Monzo Staff Weekly Q&A - Simon Amor (Product Designer) ✎


Note : All Monzo Q&As to date can be found here :grinning:


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Welcome one and welcome all!

Today is an exciting day for many reasons. First of all, it’s Q&A thread day! :partying_face:

Secondly, we published this epic blog post about what we’ll be building in 2019:

https://monzo.com/blog/2019/01/29/2019-features/

And finally, I’m hosting our monthly Open Office in London tonight, and hopefully a few of you will be in attendance!

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doing all the things!!!

But now… to the main event! Make sure you catch up with all previous Q&As first.

This week in the Hot Coral Hot Seat™️, we’ve got Simon Amor, Product Designer!

For the rest of this thread I shall be referring to him as SimonA. Otherwise I will confuse myself. It happens sometimes. Especially when running on lack of sleep :bed: :wink:

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SimonA has been here since November 2018 as a Product Designer and is currently working on Product Growth. I feel like I haven’t said the word Product enough so there’s one more :grin:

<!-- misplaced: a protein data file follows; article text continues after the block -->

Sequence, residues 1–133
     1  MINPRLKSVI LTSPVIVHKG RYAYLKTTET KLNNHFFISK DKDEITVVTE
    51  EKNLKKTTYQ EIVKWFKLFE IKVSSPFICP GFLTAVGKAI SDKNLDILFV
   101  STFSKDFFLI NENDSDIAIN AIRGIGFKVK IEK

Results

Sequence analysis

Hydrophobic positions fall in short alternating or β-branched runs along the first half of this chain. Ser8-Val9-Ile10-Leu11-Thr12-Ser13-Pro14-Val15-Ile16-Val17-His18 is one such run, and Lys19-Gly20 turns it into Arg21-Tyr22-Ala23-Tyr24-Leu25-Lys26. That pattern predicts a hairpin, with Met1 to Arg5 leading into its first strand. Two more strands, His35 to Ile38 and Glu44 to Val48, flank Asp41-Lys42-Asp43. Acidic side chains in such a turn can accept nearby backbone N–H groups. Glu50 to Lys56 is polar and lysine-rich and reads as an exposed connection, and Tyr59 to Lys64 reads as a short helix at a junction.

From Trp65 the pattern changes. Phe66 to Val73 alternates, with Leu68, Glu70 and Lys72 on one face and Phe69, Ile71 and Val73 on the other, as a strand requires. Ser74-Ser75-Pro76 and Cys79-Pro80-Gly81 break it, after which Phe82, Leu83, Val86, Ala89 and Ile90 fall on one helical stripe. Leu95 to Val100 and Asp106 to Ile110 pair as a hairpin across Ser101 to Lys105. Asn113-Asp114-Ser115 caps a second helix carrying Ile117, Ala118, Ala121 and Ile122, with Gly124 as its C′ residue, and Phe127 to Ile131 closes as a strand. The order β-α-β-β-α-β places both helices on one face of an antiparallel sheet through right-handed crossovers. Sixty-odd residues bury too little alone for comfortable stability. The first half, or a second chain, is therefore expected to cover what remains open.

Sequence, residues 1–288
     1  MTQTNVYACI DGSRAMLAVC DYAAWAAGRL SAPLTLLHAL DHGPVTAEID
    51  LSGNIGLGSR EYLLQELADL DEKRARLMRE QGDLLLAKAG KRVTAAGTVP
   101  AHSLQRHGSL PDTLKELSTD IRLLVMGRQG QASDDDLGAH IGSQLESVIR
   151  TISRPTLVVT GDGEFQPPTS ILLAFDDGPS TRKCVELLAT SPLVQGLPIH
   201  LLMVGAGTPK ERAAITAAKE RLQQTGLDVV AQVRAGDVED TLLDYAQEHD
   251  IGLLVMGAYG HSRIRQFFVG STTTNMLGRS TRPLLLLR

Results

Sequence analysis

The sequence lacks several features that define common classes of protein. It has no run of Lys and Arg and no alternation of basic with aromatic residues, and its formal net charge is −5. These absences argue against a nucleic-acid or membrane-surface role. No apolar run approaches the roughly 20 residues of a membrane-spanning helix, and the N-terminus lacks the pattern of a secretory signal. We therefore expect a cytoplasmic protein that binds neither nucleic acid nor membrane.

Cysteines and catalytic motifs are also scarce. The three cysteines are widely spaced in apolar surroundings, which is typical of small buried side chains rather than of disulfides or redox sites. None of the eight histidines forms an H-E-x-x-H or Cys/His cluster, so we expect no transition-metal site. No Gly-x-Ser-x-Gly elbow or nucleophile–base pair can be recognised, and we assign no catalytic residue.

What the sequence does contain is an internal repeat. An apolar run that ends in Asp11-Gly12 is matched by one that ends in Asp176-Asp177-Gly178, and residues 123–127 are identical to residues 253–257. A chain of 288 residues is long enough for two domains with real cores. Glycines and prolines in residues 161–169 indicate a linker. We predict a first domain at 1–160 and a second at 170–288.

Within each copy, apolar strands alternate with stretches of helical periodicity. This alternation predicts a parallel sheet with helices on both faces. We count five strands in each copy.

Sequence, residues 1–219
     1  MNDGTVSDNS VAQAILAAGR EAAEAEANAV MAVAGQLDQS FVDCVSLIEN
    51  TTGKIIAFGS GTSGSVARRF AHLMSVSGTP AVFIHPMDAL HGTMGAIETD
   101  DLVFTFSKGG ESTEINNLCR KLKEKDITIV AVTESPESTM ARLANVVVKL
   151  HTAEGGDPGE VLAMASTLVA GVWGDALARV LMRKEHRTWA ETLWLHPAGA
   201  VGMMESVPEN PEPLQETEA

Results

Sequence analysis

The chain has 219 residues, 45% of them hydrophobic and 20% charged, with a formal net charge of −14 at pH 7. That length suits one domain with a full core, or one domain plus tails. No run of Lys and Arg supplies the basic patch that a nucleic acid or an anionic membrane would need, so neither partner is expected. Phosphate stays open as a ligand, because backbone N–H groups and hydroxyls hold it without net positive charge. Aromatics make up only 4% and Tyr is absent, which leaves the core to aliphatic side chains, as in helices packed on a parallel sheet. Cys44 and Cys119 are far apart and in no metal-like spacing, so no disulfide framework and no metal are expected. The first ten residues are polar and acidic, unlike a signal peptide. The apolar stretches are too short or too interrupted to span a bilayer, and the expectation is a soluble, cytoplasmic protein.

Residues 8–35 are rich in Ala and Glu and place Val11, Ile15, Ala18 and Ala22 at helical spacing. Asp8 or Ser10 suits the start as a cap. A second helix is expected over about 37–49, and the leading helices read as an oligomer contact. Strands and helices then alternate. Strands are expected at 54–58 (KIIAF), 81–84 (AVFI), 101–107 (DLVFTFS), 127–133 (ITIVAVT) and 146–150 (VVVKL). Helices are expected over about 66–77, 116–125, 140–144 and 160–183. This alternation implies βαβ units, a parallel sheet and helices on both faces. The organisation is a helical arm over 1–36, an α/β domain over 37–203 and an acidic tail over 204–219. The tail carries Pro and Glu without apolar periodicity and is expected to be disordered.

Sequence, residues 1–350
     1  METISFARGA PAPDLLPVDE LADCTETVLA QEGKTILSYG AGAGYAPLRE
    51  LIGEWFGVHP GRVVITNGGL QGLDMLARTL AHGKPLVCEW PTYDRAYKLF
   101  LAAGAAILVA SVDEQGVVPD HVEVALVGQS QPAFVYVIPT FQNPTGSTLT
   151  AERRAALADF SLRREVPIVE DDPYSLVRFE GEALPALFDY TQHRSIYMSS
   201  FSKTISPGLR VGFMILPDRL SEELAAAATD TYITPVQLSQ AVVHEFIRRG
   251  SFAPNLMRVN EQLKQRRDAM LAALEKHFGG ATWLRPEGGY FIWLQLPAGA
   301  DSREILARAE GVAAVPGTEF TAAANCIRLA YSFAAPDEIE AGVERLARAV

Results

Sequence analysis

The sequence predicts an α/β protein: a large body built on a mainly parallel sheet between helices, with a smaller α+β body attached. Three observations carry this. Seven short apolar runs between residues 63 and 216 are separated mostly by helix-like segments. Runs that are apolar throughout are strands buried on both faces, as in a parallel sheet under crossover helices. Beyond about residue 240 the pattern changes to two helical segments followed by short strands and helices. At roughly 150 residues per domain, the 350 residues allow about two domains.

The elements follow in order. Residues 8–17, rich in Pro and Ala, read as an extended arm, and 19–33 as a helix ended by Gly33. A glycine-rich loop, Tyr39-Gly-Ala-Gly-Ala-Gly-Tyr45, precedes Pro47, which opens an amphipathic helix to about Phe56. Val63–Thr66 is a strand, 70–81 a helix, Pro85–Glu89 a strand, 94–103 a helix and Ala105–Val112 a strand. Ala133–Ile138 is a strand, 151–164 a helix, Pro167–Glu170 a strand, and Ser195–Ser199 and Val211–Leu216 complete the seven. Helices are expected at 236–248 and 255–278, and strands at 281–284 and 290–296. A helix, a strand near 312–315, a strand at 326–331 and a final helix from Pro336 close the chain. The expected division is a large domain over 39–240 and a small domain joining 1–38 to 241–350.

Fun Fact About SimonA:

“I use to play a sport called Polocrosse. Its basically Lacrosse… on a horse.” :horse:

His favourite thing about working here?

“The people here really care about making banking better for people.”

Truth spoken right there!

So folks, you know what time it is.

Get those questions in. We know you have them. Question away and SimonA will be here later this week to answer them!

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I shall start.

Which of the ideas in this list are you most looking forward to, either from a design standpoint or otherwise?